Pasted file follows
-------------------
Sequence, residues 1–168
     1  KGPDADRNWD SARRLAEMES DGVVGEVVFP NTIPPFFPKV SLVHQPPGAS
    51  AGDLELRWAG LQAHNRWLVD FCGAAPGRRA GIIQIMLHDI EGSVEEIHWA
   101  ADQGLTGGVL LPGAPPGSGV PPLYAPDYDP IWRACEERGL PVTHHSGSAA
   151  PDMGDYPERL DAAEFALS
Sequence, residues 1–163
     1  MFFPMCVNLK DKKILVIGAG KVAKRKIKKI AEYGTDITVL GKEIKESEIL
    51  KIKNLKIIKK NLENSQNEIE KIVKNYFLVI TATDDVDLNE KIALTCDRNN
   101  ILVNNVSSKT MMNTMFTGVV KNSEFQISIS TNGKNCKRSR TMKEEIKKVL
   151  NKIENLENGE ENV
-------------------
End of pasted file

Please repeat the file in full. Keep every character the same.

Sequence, residues 1–168
     1  KGPDADRNWD SARRLAEMES DGVVGEVVFP NTIPPFFPKV SLVHQPPGAS
    51  AGDLELRWAG LQAHNRWLVD FCGAAPGRRA GIIQIMLHDI EGSVEEIHWA
   101  ADQGLTGGVL LPGAPPGSGV PPLYAPDYDP IWRACEERGL PVTHHSGSAA
   151  PDMGDYPERL DAAEFALS
Sequence, residues 1–163
     1  MFFPMCVNLK DKKILVIGAG KVAKRKIKKI AEYGTDITVL GKEIKESEIL
    51  KIKNLKIIKK NLENSQNEIE KIVKNYFLVI TATDDVDLNE KIALTCDRNN
   101  ILVNNVSSKT MMNTMFTGVV KNSEFQISIS TNGKNCKRSR TMKEEIKKVL
   151  NKIENLENGE ENV